Thanks to consumption of oil falling 3.5%+ in 2008, it looks like US greenhouse gas emissions will fall greater than 1% this year. The rapid fall in oil consumption is tempered by the increase in emissions from slightly greater coal demand and an increase in consumption of cleaner-burning natural gas. If the overall trend continues through December, it will put us on track to meet the federal cap & trade legislation goal of Continue reading
US industrial production fell in September by the largest monthly amount since 1974. While a big chunk of the production loss was lower oil and gas production, the rest of the drop lowered demand for energy from oil and gas. The weekly EIA oil report showed continued decreases in petroleum consumption, allowing supplies to rise further toward average levels. Demand increased slightly from last week’s extremely low levels, but remains significantly lower than a year ago. As a result, crude has fallen below the $70 level, what I consider to be Continue reading
OPEC just released its monthly oil report for October which included lower estimates for oil supply and demand for 2008 and 2009. Each year, global growth is projected to be positive: at almost 600,000 barrels per day (b/d) this year and 800,000 b/d in 2009. But there was one piece of information on page 25 of the report that raised my eyebrows and my hopes that we can keep oil prices and global greenhouse gas emissions in check: global oil demand in the third quarter of 2008 is reported to Continue reading
The US EIA just published its electric power monthly for this past June, and our country’s electricity was much more climate friendly than last year. Coal and oil-fired generation were down 1.6% and 10.6%, respectively. Cleaner burning natural gas generation was up 3.6% while carbon-free hydro and nuclear generation rose by 34.7% (on some relief from the drought out west) and 2%, respectively. And the number that caught my eye was the increase in wind generation at a rate of 81.6% from the previous June! If wind continues to grow at the June rate for the next year and a half, wind power will provide almost Continue reading
The International Energy Agency (IEA) just lowered its global demand forecast again in its October oil report, making 2008 demand growth lower than 500,000 barrels per day (half the average rate of the last several years). The news, along with the financial collapse of last week, brought oil below $80 per barrel for the first time in a year before rebounding today along with global stock markets. Also in the report was a reduction in supplies, especially from non-OPEC countries who may be in permanent decline from here on out. Thus, the trillion dollar question that emerges for more accurate price projection is: Which will be faster — Continue reading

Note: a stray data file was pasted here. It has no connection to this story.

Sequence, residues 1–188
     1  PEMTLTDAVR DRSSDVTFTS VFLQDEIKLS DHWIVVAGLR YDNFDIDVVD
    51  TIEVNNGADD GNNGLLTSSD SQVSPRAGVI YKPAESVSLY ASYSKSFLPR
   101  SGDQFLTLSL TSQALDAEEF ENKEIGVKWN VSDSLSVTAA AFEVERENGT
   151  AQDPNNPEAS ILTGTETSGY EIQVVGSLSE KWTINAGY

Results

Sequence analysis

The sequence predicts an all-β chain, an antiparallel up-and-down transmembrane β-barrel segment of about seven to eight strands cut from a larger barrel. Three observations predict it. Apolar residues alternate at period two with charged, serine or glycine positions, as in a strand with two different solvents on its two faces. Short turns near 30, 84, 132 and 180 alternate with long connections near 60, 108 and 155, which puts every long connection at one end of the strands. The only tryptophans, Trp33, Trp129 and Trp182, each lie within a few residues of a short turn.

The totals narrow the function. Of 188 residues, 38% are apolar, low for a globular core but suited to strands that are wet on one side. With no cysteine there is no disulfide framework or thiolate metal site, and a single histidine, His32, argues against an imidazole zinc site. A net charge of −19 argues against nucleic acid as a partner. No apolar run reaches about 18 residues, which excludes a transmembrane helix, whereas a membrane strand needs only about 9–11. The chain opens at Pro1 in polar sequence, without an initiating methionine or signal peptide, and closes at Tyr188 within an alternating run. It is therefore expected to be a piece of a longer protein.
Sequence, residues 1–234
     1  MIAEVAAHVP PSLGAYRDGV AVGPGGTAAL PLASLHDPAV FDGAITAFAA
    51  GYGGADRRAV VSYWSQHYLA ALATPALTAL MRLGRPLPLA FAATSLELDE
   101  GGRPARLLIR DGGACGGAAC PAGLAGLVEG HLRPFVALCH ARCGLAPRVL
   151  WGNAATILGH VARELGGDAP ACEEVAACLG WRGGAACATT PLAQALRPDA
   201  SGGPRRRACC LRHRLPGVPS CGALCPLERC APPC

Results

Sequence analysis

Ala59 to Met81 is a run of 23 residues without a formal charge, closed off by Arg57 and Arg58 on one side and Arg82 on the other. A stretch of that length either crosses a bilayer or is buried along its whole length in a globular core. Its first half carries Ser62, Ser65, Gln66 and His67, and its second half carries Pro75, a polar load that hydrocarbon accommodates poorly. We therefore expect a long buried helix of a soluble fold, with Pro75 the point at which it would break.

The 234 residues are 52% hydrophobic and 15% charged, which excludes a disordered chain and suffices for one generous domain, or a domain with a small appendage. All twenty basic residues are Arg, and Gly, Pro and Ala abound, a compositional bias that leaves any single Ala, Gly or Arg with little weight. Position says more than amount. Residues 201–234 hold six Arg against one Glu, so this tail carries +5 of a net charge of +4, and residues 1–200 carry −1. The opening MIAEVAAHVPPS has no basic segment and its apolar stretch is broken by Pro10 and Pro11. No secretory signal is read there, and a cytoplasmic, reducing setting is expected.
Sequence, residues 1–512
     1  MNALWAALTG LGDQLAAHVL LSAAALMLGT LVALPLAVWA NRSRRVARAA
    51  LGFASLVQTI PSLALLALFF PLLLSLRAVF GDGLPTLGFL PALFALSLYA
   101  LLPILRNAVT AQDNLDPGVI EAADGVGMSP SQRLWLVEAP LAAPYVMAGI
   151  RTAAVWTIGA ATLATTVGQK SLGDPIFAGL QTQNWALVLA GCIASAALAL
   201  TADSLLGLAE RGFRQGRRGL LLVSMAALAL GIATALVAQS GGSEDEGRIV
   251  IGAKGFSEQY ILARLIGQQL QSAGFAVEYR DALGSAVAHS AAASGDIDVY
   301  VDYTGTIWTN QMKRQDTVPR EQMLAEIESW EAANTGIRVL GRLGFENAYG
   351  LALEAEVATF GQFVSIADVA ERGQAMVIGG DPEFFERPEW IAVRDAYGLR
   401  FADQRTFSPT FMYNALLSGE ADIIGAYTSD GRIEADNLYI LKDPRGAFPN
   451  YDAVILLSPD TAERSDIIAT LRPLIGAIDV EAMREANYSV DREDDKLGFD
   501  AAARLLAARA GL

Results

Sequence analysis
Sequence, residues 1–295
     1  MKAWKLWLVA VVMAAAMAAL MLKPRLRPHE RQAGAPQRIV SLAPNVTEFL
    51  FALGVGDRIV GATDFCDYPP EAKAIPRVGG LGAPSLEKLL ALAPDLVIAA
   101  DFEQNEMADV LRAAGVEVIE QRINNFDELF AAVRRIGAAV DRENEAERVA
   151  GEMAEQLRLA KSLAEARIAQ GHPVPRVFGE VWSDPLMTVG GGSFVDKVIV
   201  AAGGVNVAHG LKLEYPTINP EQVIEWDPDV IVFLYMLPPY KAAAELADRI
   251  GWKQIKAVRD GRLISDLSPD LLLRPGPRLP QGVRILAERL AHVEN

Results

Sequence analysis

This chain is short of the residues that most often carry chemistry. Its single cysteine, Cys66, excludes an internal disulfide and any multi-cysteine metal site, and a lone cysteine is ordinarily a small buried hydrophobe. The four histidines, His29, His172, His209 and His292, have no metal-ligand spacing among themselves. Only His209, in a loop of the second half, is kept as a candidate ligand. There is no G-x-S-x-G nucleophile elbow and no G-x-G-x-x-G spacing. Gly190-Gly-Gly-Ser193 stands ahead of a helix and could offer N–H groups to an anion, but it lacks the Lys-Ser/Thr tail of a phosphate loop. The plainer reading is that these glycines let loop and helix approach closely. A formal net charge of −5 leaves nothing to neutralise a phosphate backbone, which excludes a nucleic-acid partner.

The continued fall in the price of oil due to stock market crashes worldwide leads most analysts to wonder how far down it can go? To understand the depths of oil’s potential price we have to first understand the potential imbalance of demand and supply that can send prices lower than $80 per barrel. This blog will focus on the demand side and probe US demand specifically.
At ~20 million barrels per day (Mbd), the United States consumes more than double the amount of the world’s #2 consumer, China (~8.3 Mbd). US consumption equals almost 24% of world consumption. Thus, fluctuations in US demand have Continue reading
The EIA published its weekly oil report today, and the story remains headlined by lower demand restoring inventory levels. Gasoline consumption was 5.5% lower than last week, helping a recovered refinery system and high imports increase its inventory back toward normal levels. Distillates/diesel inventories fell another half a million barrels to the bottom of the average range for this time of year. But 12% lower demand Continue reading
Ever since 2004, the non-OPEC world has struggled to increase its oil production from a plateau around 50 million barrels per day. Today’s EIA Short-Term Energy Outlook (STEO) now projects that 2008 non-OPEC production will actually decrease by more than 200,000 barrels per day. As I have been stressing in recent blogs, the EIA has been constantly lowering its non-OPEC production predictions throughout the year. As recently as February, they thought non-OPEC producers would supply 900,000 barrels per day more in 2008. Their current prediction couldn’t be too far off now that Continue reading
Today, SET is publicly launching its first campaign. Entitled PACE (Princeton Alumni for Climate Excellence), the effort aims to help mobilize latent alumni support for Princeton University to be a leader in greenhouse gas emissions reduction.
Princeton is a source of top-notch climate scholarship, with leading professors such as Continue reading
Earlier this week, I was skeptical about the prospects of federal investment and production tax credits for solar and wind. These incentives which have been crucial to the white-hot growth of renewables looked set to expire at the end of the year. But Senators decided to inject the controversial bailout bill with their renewal. And this afternoon, the House approved and the President signed the bill into law.
So, renewable energy has passed the federal policy hurdle. Wind received a 1-year extension of the ~2 cent per kWh tax credit through 2009. And solar received an 8-year (through 2016) extension of their 30% of system cost investment tax credit. The federal government has done its part. Now, the question remains Continue reading